Although influencer marketing is growing at an extortionate rate and over three quarters (77%) are set to create more branded content for brands, it’s not always as rosy as it seems.
This week, Australia’s Federal Government has come under scrutiny for investing more than $700,000 of taxpayer money on commissioning Instagram influencers to promote their social media campaigns, according to a report carried out by the Daily Telegraph.
In response, Health Minister Greg Hunt has called for an inquest into his own department’s use of Instagram influencers and the funding of the Girls Make You Move fitness campaign, which launched in 2016 and ran over an 18-month period with the aim to address encourage physical activity among young Australian women.
The report found that some of the chosen influencers working on the campaign had previously been associated with extreme dieting and endorsed alcohol, often in partnership with alcohol brands.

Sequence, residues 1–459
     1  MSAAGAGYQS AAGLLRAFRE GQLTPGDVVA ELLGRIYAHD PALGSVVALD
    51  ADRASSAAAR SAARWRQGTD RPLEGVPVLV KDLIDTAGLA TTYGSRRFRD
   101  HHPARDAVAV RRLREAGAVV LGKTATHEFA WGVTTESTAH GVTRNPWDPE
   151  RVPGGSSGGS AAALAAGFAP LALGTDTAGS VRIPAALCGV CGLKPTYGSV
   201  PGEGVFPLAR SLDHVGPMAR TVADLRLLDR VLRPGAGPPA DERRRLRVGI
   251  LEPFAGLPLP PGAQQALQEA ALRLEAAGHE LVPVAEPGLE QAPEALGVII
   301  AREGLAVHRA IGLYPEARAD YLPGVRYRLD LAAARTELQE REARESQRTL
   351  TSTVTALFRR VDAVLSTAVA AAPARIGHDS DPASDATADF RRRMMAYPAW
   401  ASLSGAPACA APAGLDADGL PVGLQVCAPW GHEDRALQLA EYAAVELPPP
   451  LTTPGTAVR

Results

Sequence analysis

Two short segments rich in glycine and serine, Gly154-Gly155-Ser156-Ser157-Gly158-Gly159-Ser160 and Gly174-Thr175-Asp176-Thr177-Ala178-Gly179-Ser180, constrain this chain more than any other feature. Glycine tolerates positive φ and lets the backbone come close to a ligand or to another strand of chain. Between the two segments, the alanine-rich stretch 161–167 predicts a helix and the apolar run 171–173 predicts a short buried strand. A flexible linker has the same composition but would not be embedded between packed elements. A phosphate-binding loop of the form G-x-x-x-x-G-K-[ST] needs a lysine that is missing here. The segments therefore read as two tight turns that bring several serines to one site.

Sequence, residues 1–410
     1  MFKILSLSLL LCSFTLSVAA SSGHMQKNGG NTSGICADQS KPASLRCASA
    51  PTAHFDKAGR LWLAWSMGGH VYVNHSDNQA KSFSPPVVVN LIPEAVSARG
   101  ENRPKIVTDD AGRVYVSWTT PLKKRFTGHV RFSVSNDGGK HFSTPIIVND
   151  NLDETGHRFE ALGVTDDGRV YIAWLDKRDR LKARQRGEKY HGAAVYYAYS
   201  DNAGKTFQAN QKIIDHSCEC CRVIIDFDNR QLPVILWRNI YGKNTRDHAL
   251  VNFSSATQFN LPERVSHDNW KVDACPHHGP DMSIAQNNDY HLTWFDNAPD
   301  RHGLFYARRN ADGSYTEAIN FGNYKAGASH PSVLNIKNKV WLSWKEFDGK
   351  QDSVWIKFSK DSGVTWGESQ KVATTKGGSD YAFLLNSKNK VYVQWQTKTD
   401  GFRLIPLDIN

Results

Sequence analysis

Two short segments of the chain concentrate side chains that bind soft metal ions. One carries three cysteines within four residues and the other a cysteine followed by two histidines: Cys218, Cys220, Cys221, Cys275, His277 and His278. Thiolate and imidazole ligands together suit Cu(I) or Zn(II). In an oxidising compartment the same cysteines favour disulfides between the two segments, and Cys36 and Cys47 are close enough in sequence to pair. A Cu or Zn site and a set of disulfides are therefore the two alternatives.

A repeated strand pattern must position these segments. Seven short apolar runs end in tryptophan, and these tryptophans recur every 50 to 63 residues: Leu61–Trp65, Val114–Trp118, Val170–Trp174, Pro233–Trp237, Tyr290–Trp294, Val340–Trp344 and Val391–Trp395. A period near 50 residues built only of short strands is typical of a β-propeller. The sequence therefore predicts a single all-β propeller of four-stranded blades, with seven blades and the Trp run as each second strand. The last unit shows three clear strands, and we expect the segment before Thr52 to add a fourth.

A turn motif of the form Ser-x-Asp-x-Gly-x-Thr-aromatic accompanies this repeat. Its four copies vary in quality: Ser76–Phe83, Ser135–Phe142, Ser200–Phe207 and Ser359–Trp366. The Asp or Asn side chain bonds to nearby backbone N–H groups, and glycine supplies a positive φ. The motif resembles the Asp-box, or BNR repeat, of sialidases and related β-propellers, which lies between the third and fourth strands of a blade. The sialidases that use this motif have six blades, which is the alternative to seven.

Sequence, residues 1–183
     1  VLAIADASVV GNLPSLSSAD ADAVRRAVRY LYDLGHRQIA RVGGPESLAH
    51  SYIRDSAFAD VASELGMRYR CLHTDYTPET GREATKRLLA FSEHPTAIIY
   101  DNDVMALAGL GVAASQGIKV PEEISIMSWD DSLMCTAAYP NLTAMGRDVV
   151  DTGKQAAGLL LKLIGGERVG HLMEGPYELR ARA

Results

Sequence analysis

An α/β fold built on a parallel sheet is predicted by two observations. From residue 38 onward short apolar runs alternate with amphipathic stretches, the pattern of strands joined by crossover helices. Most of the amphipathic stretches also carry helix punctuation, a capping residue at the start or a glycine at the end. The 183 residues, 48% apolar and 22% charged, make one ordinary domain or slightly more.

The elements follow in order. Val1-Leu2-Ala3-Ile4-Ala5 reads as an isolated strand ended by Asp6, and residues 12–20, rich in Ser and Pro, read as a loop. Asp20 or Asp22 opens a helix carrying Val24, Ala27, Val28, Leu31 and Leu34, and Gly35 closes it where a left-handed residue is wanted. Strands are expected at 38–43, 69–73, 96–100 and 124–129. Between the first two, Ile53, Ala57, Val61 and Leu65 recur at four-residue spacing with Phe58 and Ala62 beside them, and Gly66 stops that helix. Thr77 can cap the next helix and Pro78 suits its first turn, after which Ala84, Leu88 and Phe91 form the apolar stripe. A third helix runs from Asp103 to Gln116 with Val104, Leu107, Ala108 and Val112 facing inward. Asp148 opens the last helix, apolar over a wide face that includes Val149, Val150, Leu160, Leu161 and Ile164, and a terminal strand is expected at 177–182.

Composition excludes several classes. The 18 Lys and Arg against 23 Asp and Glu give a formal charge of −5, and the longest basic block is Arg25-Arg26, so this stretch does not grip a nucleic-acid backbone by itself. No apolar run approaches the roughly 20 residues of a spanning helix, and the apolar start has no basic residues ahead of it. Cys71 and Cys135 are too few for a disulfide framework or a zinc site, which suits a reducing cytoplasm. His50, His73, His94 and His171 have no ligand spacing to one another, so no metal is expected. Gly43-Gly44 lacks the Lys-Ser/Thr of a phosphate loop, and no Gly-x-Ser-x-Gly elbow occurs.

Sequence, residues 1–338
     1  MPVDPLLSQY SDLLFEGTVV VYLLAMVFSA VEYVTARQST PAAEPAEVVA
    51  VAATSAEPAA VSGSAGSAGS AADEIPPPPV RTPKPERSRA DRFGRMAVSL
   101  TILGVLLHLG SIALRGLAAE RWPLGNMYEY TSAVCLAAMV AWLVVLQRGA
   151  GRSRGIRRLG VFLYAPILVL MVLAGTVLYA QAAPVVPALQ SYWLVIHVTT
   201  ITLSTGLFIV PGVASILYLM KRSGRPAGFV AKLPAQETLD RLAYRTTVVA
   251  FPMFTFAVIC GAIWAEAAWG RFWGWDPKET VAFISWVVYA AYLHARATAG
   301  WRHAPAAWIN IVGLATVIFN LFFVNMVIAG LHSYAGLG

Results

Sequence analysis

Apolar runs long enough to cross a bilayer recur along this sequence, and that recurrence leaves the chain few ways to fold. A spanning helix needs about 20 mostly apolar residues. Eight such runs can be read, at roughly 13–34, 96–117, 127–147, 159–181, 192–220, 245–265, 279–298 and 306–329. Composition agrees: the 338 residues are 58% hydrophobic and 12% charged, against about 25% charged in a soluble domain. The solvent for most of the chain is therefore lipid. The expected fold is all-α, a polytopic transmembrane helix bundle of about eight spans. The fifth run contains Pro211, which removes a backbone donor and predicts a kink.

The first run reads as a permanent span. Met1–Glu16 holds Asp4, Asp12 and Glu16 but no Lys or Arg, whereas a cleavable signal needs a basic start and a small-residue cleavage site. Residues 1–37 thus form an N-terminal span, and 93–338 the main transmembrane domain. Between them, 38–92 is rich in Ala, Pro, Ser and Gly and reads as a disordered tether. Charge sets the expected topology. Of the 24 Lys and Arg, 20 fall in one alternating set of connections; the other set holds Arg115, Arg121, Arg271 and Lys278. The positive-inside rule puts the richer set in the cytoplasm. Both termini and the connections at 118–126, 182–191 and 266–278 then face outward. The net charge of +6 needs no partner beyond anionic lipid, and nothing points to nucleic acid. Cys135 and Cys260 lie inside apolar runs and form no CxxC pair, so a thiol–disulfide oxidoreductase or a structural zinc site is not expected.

The advertising firm used to commission the influencers is no longer contracted by the government.
However, data analytics from firm Lumio claims that a small number of influencers contracted by the Department of Health had large audiences and engaged enough to effectively spread the Girls Make Your Move message.
In addition, research led by influencer agency HelloSociety found that young people would be more open to exploring a new physical activity after seeing an Instagram post from someone they admire.